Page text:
Friday, July 04, 2008

Straw men

The following quotations have been attributed to bishops in the Canterbury Communion, and who were present at GAFCON.

"Scripture never suggests an ordained woman is in danger of losing her salvation"

“It is not a sin to be a woman.”

“They can do the job.”

The first two are remarkable for answering arguments that nobody ever made. That is what we call setting up straw men. The third is remarkable for demonstrating ignorance about the very nature of Holy Orders, beginning with the idea that sacred ministry is merely a job. I will deal with this last one first.

In fact, the very kind of men whom St. Paul dismisses as potential candidates for ordained ministry, when writing to Timothy and to Titus, can also "do the job." Can a woman "do the job?" Frankly, that depends on what one means by "the job." She can lead prayers, and she can go through the motions of sacramental ministry. She may even preach a fine sermon (with all due respect to Dr. Johnson). What she cannot do is perform the priestly ministry of Christ within his Church, as we have already seen. And, even for those who understand ordained ministry differently from us, it remains a fact relevant to both their understanding and ours, that no woman has even the potential to be the husband of one wife, or head of a household. And, the need for this is clearly set forth by an honest reading of I Timothy chapter three.

Furthermore, if a woman has to perform a man's role in order to have any real ministry (and I Corinthians 12 teaches clearly that the whole Body of Christ has gifts for ministry), the Church will be deprived of the gifts God has given to her for our benefit. It is no coincidence that the same apostate Anglican bodies that embraced the so-called "Gospel of Thomas" (the author of which is as likely to have been Danny Thomas as the Apostle Thomas) have eliminated the true ministry of women, including the elimination of the role of deaconess. By trying to force women into the priestly ministry reserved for men, that is the three orders, they have lived down to the teaching of that gnostic book, that ends with this verse:

"Simon Peter said to them, 'Make Mary leave us, for females don't deserve life.' Jesus said, 'Look, I will guide her to make her male, so that she too may become a living spirit resembling you males. For every female who makes herself male will enter the kingdom of Heaven.'"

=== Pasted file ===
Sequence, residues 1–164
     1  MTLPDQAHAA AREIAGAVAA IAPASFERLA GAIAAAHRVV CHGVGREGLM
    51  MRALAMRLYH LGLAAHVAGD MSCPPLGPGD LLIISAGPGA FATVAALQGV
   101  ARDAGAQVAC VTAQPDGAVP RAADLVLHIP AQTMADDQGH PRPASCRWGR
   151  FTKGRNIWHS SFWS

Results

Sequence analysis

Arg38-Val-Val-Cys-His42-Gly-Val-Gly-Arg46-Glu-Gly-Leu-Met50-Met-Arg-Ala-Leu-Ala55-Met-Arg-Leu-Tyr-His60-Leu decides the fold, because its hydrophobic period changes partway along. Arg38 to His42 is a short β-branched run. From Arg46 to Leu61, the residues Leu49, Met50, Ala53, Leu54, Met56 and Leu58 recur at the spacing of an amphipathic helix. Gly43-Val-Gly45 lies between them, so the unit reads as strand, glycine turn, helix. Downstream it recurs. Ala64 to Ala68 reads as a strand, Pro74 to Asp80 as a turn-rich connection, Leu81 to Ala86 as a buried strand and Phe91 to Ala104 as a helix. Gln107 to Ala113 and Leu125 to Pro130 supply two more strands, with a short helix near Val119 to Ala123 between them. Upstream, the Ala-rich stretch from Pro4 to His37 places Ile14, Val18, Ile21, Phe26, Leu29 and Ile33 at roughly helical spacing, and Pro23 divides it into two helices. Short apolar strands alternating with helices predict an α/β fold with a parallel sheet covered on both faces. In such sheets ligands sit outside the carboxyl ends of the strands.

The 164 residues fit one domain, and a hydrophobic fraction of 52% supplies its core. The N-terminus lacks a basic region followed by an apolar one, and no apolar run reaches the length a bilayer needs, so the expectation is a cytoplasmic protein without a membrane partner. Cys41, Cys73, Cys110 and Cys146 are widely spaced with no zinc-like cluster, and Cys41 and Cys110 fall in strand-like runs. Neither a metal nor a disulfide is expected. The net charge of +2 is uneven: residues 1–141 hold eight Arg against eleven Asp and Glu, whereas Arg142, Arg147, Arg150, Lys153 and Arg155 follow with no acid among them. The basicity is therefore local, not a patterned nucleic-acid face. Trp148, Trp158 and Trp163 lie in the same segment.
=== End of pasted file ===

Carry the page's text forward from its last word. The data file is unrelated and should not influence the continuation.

That seems to be what the Episcopalians and other non-Traditional Anglicans have decided to live by.

Now, about the first two quotations above, it is disingenuous at best to answer the argument never made. Furthermore, it is easier than having to grapple with sacramental theology. A far more intelligent statement was made by the chairman of Forward in Faith, North America (FiF/NA), Bishop Keith Ackerman of Quincy, writing in response to the Jerusalem Declaration:

"Under the providence of God, our advocacy has borne fruit. It must continue so long as the disputed issues are under consideration. But at the same time, we must begin to develop pastoral and ecclesial structures, so as to take the place as a fully orthodox ecclesial body now opened to us by the formation of the new province for which we have so long prayed and worked."

For some reason this remark has come under fire from some of my friends. That is a shame, because I know for a fact that at the top of the "disputed issues" list is the "ordination" of women. This was written in his formal capacity for FiF/NA. When the bishop writes, "our advocacy has borne fruit," he means, specifically, FiF's advocacy for the all male priesthood. That is what FiF (criticisms of which are acknowledged) sees as the mission of the organization. I know also that FiF defines "orthodox" differently from the Reasserters, and that FiF's definition rules out the "ordination" of women. In fact, Bishop Ackerman is saying that ecclesial structures must be prepared for a new Province, but that the new Province will have to be free of this innovation. It is much closer to what we among the Continuum believe, than it is to anything many of the GAFCON people practice.

Among those Anglicans trying to form this Province they hope for, the disputed issues will not receive any genuine consideration as long as some of the bishops set up and shoot down straw men. Straw men answers to silence, such as, "Scripture never suggests an ordained woman is in danger of losing her salvation," and “It is not a sin to be a woman” indicate why certain bishops are obstructing hopes for any progress. They seem unwilling to take the debate seriously, which is why they hinder the formation of workable ecclesial structures.


Anonymous said...

Surely the natural consequence of a reasoning that permits the purported ordination of women on the basis that 'it is not a sin to be a woman' is 'a sinner cannot be a priest'. I should feel less offended when slapped by the red herring of donatism: it isn't a red herring if people attribute that 'reasoning' to me because they have heard it from others.

John Dixon said...

"Scripture never suggests an ordained woman is in danger of losing her salvation," and “It is not a sin to be a woman” indicate why certain bishops are obstructing hopes for any progress.

Scripture does not prohibit the lying of an airplane into a building either and it never once prohibits "Homosexuality".

Of course the vehicle and phrase are modern just like WO (and with the same general effect).